Urinary tract infections are very common, especially among women. However, people mostly talk about infections caused by bacteria like E. coli. UTIs can also be caused by fungi, which require a different kind of treatment plan. Understanding how a fungal UTI differs from the more common bacterial UTI is important to finding the appropriate treatment method for you.
A fungal urinary tract infection is a type of infection that causes irritation and inflammation along the urinary tract, which includes the urethra, bladder, ureters and kidneys. Various kinds of candida, a type of fungus, are the most common cause of fungal UTIs. Typical causes include catheterization and the use of antibiotics. In some cases, a fungal infection can occur at the same time as a bacterial infection.
Some patients with a fungal UTI experience no symptoms at all. However, if the infection has taken hold in the urethra or bladder, you may notice urinary urgency and frequency as well as pain upon urination. In severe cases, a fever or impaired kidney function may be noticed. In women, an accompanying yeast infection is common.
Diagnosing a Fungal UTI
Diagnosing a fungal UTI is similar to diagnosing a bacterial one. A urinalysis will be done to look for the presence of candida in the urine. Other conditions will need to be considered first, however, such as urethritis, a urinary blockage or a contamination of candida before a diagnosis can be made. Renal candidiasis may be diagnosed if a fever is present and balls of fungus are expelled in the urine.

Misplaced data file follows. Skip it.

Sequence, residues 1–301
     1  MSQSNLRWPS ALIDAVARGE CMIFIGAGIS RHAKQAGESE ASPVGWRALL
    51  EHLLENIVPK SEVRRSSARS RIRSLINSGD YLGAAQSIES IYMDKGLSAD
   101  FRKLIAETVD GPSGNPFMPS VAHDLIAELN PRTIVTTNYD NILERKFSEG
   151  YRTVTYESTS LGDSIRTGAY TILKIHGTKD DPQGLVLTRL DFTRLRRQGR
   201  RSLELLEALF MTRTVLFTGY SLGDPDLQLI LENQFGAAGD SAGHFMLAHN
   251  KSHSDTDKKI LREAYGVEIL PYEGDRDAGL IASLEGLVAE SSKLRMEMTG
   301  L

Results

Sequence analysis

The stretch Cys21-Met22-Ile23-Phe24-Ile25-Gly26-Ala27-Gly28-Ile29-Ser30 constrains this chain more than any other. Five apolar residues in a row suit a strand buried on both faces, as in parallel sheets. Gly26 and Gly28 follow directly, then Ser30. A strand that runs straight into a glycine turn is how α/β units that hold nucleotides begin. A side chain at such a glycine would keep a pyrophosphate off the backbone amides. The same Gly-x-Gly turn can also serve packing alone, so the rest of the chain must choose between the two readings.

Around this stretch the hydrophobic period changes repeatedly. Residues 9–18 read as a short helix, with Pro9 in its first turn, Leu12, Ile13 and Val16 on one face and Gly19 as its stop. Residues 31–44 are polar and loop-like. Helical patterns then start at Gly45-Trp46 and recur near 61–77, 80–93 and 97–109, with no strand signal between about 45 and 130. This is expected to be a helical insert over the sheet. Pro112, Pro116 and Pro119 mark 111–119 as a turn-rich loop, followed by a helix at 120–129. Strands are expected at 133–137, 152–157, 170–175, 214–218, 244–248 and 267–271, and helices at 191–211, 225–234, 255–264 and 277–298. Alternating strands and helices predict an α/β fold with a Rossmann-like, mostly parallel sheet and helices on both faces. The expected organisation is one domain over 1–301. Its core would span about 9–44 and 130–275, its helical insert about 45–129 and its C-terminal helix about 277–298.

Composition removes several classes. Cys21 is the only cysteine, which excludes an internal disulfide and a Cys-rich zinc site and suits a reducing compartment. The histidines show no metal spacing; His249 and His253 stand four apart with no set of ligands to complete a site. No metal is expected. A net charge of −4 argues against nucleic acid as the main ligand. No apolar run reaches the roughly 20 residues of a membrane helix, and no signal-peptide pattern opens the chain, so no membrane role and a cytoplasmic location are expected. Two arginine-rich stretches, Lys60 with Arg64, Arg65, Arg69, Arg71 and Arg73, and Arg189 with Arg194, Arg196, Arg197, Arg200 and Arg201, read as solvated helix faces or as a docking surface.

Treating a fungal urinary tract infection is fairly straightforward. Antifungal drugs are usually the best option. For instance, fluconazole will help kill the fungus and eliminate your uncomfortable symptoms. Intravenous drugs may be required if the infection has spread to your kidneys. Some types of fungi are not susceptible to fluconazole, so an alternative antifungal may need to be utilized.
In some cases, a fungal urinary tract infection can cause long-term problems. For instance, fungus balls can accumulate in the urinary tract, which may cause a blockage. Abscesses as well as papillary necrosis can occur if the infection is left untreated. Kidney function may deteriorate, though kidney failure isn't likely once the obstruction is removed.
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